Antifascism, Sports, Sobriety in 19 Best Books to Understand Fascism and How It WorksBy Lorraine Berry
The fascist obsession with the body was succinctly described by Susan Sontag in her essay, “Fascinating Fascism,” in which she criticized the rehabilitation of Nazi filmmaker Leni Riefenstahl. In her propaganda film, Olympiad, her record of the 1936 Olympics, Riefenstahl focused on the physical perfection of the athletes, which leads Sontag to write, “Fascist art displays a utopian aesthetics—that of physical perfection. Painters and sculptors under the Nazis often depicted the nude, but they were forbidden to show any bodily imperfections. Their nudes look like pictures in male health magazines: pinups which are both sanctimoniously asexual and (in a technical sense) pornographic, for they have the perfection of a fantasy.” Klaus Theweleit also addressed fascist attitudes toward the body.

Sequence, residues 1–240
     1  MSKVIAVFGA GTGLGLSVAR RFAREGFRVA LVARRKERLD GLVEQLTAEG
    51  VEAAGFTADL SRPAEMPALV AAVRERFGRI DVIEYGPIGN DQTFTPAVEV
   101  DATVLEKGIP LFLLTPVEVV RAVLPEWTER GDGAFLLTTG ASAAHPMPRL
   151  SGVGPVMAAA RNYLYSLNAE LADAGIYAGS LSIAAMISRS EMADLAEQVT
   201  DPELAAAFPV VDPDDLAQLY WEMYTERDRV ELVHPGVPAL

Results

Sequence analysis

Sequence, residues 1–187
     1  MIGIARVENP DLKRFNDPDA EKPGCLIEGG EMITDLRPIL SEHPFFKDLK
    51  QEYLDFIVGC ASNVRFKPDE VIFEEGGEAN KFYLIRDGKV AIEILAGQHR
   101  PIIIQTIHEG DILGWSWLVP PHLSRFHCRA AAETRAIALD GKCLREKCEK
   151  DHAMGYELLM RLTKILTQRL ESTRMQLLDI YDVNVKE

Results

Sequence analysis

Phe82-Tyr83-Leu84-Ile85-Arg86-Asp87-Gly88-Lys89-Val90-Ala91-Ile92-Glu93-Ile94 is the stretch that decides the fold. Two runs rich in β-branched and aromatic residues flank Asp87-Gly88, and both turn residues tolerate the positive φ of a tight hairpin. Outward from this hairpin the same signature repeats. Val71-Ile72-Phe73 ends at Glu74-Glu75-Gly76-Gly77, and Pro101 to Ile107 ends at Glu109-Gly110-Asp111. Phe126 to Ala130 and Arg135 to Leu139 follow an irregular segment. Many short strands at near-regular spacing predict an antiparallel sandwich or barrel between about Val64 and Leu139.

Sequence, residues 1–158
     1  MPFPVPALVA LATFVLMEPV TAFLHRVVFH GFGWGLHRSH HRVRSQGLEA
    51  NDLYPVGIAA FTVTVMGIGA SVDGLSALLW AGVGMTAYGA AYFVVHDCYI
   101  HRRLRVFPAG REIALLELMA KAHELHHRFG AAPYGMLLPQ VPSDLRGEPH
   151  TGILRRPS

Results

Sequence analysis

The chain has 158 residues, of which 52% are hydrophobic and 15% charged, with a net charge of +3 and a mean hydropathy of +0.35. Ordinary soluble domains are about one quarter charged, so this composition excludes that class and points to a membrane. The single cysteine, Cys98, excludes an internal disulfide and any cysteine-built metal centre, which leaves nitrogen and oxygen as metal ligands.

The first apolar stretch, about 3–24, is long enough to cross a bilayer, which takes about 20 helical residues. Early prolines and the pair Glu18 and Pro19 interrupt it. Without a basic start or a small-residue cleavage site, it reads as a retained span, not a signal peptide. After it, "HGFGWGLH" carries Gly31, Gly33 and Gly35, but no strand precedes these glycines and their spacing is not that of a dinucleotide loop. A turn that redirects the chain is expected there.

Julius Deutsch was an Austrian Marxist who opposed the spread of fascism. He organized workers in Austria into proletarian militias. Because he understood the “physicality” of the Nazis, he emphasized physical health and strength among those who were to fight them. He organized sports programs for Austrian workers that would give them the physical skills to resist German fighters. Wehrsport combined cross-country running, shooting sports, martial arts, and other types of physical training as part of its “paramilitary sport.” He also prescribed “healthful” practices, such as abstaining from alcohol, as part of a program that would build up each individual’s stamina and strength, since the battles ahead would be “exhausting.” Deutsch’s objection to the more traditional sports — soccer, for instance — is that young men watched those sports, going to the stadiums to watch other men play but not benefitting from the exercise themselves. Deutsch’s programs took parts of the fascist program of health and strength and re-wrote it for the benefit of workers who would battle Nazis in the streets.